If the hubble telescope has looked in every direction and seen that the universe is 13.8 billion light years away in every direction does that not place us at the center of the universe?
Professor Hooberman received his Ph.D in physics from the University of California at Berkeley (2009) after obtaining a bachelor's degree from Columbia University (2005). After receiving his Ph.D, he worked as a postdoctoral research associate at Fermi National Accelerator Laboratory (2009-2014), where he was a member of the CMS collaboration at the Large Hadron Collider (LHC). He joined the University of Illinois in 2014 as an assistant professor.
Professor Hooberman is an experimental physicist whose research focuses on using particle colliders to probe exotic new physics scenarios, including supersymmetric models and extra dimensions of spacetime. He is particularly interested in using data from colliders to investigate and understand dark matter.
His research began in the field of experimental cosmology, and focused on using measurements of the left-over radiation from the big bang (the "cosmic microwave background radiation") to better understand the evolution history of the universe. He transitioned to experimental particle physics in graduate school, where he searched for exotic new physics phenomena at the BaBar experiment at the Stanford Linear Accelerator, and performed detector research and development and physics simulation studies for a future high-energy lepton collider. As a research associate at Fermilab and a member of the CMS collaboration at the LHC, he searched for exotic new particles that are predicted by supersymmetric models and may explain the presence of dark matter in the universe. He continues these research topics as a member of the ATLAS collaboration at the LHC as an assistant professor at the University of Illinois.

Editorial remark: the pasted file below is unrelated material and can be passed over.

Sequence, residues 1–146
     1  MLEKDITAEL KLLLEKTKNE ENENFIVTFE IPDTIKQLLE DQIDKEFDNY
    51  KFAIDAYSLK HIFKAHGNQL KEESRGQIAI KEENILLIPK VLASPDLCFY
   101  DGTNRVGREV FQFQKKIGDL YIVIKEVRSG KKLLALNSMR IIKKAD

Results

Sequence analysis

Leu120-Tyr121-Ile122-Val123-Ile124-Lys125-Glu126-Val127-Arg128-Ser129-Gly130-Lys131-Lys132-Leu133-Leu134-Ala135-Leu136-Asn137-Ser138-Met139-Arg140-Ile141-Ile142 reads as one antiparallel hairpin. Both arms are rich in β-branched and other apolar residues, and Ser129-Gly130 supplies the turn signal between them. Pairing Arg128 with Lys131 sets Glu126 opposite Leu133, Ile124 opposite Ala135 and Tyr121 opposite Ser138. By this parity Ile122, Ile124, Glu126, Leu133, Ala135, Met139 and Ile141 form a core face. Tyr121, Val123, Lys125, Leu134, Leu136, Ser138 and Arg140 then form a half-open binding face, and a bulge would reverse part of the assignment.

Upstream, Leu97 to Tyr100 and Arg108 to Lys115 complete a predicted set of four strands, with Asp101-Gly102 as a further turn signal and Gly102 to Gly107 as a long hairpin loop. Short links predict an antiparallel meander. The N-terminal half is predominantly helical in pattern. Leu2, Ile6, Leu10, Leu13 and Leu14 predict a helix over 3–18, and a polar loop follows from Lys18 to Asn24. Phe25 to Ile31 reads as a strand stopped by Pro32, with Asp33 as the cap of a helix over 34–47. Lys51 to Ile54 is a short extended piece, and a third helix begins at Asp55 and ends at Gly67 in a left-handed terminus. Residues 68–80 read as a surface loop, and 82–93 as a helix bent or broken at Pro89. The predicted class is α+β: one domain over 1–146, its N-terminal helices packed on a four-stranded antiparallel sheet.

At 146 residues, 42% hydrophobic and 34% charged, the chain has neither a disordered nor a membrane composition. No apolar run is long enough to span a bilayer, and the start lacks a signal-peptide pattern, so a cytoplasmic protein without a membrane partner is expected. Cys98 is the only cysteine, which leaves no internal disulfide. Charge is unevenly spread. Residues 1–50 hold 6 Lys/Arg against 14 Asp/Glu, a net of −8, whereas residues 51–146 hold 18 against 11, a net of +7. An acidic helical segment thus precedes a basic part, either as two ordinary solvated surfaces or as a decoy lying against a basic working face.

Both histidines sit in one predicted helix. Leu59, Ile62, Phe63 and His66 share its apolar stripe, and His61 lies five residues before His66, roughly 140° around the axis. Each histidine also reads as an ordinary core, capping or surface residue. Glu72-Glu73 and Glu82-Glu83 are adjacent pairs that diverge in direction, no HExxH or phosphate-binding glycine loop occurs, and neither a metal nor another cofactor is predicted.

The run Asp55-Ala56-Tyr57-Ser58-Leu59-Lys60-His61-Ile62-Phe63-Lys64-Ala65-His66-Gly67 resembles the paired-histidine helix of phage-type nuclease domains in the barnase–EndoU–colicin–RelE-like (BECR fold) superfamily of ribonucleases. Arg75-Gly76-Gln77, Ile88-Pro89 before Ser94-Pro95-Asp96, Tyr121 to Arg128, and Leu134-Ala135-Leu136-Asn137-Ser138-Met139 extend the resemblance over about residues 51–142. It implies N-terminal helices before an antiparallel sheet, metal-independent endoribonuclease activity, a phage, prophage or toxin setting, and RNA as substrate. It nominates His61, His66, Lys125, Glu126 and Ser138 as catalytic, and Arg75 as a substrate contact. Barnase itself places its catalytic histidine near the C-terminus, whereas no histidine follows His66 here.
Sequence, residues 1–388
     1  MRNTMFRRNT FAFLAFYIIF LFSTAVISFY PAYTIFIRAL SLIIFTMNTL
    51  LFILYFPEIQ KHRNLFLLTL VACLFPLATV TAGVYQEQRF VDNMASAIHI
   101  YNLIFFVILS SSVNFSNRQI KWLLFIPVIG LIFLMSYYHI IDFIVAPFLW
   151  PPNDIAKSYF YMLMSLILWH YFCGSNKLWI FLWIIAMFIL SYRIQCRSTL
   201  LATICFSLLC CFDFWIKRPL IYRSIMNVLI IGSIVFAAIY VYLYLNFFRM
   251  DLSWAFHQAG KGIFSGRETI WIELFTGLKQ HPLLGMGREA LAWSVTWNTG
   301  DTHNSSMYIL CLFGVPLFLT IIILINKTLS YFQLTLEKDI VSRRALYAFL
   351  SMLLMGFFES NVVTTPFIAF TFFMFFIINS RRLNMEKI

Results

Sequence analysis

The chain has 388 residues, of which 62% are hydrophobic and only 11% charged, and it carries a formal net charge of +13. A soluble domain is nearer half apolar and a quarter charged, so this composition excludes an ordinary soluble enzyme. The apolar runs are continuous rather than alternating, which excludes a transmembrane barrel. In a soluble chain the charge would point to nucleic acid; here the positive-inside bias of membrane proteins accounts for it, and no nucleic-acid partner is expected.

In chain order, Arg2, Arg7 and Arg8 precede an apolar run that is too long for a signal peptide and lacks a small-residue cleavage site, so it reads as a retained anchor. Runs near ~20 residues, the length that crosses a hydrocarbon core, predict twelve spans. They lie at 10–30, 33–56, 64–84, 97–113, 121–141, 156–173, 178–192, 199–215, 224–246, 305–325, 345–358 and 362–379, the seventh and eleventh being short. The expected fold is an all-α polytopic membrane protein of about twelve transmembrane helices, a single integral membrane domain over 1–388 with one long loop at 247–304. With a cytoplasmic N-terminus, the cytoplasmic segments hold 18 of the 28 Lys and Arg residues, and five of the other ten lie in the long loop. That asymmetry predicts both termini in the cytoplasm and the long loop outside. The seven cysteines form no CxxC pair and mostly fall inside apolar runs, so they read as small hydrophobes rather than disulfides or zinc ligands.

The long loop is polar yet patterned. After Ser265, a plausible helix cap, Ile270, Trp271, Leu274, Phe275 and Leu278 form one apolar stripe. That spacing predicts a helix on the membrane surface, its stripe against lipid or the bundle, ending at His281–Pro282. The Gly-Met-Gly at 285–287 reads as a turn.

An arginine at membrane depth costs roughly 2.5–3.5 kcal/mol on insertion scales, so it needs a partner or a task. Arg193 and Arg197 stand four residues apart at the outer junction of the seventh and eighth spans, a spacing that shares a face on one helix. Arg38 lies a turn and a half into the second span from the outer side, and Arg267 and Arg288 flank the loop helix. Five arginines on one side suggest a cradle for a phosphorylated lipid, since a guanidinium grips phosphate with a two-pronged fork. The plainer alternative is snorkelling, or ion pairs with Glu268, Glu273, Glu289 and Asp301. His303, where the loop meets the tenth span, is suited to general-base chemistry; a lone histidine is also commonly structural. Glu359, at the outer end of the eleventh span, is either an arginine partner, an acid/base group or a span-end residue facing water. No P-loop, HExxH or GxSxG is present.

The Large Hadron Collider is currently offline to allow for upgrades that will increase the maximum achievable collision energy. New data will be collected starting in 2015, at the highest collision energy ever achieved at a particle collider. This data will allow us to probe uncharted territory and may allow for discoveries that transform our understanding of the composition of the universe and the fundamental forces. As a member of the ATLAS collaboration at the LHC, I am currently preparing for the upcoming data, which I will use to search for a range of exotic new physics phenomena, including supersymmetric particles and dark matter.
In order to fully exploit the physics potential of the LHC over the next several years, upgrades to the ATLAS detector are required. In particular, the inner detector will be replaced with an all-Silicon tracking detector. I am participating in simulation studies of key physics processes that will be used to guide and optimize the detector design.
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